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Cancer research

Navitoclax (ABT-263) accelerates apoptosis during drug-induced mitotic arrest by antagonizing Bcl-xL.


PMID 21546570

Abstract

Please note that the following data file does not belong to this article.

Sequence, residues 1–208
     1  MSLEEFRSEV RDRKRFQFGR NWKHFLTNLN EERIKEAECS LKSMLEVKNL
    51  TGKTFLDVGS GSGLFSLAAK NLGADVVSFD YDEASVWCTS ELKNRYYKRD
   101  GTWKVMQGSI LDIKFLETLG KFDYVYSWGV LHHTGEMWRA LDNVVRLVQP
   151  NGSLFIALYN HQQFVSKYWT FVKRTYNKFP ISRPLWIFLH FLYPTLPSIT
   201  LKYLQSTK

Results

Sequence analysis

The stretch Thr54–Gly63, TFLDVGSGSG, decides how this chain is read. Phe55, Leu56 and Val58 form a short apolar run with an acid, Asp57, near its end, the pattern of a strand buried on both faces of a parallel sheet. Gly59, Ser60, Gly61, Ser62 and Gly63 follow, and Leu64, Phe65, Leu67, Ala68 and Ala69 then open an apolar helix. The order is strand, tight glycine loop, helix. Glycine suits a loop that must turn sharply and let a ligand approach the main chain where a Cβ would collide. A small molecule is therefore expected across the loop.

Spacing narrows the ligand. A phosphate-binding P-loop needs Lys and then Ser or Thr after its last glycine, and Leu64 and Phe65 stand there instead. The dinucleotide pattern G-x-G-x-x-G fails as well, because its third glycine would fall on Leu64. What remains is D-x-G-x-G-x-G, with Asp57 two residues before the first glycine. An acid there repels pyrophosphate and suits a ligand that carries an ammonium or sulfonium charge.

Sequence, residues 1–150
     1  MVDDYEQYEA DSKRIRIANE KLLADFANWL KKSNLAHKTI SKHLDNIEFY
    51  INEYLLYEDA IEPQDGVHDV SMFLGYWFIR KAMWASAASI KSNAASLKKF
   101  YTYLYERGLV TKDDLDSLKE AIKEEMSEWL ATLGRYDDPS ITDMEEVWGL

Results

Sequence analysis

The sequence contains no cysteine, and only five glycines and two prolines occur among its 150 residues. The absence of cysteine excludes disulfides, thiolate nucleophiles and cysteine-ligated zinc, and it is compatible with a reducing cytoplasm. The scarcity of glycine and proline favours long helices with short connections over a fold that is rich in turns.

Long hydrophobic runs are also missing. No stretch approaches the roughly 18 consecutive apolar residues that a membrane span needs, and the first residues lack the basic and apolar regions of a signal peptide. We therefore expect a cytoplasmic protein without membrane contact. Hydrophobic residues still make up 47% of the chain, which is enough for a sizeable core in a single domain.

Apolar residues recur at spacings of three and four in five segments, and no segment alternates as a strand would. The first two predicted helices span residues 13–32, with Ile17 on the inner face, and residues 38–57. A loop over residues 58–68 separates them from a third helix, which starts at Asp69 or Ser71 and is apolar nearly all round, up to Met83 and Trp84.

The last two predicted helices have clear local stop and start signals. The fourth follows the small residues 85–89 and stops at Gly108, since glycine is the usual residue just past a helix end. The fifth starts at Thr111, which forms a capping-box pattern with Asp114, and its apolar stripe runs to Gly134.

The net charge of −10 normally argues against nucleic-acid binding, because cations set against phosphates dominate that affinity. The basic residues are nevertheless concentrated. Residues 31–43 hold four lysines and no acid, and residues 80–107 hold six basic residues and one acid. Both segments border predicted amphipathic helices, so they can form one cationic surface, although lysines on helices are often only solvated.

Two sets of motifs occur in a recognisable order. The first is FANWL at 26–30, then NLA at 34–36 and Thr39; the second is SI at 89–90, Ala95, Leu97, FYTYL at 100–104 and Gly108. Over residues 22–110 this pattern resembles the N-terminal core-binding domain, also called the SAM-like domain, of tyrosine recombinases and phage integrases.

Combining microtubule-targeting antimitotic drugs with targeted apoptosis potentiators is a promising new chemotherapeutic strategy to treat cancer. In this study, we investigate the cellular mechanism by which navitoclax (previously called ABT-263), a Bcl-2 family inhibitor, potentiates apoptosis triggered by paclitaxel and an inhibitor of kinesin-5 (K5I, also called a KSP inhibitor), across a panel of epithelial cancer lines. By using time-lapse microscopy, we showed that navitoclax has little effect on cell death during interphase, but strongly accelerates apoptosis during mitotic arrest, and greatly increases the fraction of apoptosis-resistant cells that die. By systematically knocking down individual Bcl-2 proteins, we determined that Mcl-1 and Bcl-xL are the primary negative regulators of apoptosis during prolonged mitotic arrest. Mcl-1 levels decrease during mitotic arrest because of an imbalance between synthesis and turnover, and turnover depends in part on the MULE/HUWE1 E3 ligase. The combination of Mcl-1 loss with inhibition of Bcl-xL by navitoclax causes rapid apoptosis in all lines tested. Variation in expression levels of Mcl-1 and Bcl-xL largely determines variation in response to antimitotics alone, and antimitotics combined with navitoclax, across our panel. We concluded that Bcl-xL is a critical target of Bcl-2 family inhibitors for enhancing the lethality of antimitotic drugs in epithelial cancers, and combination treatment with navitoclax and a spindle specific antimitotic, such as a K5I, might be more effective than paclitaxel alone.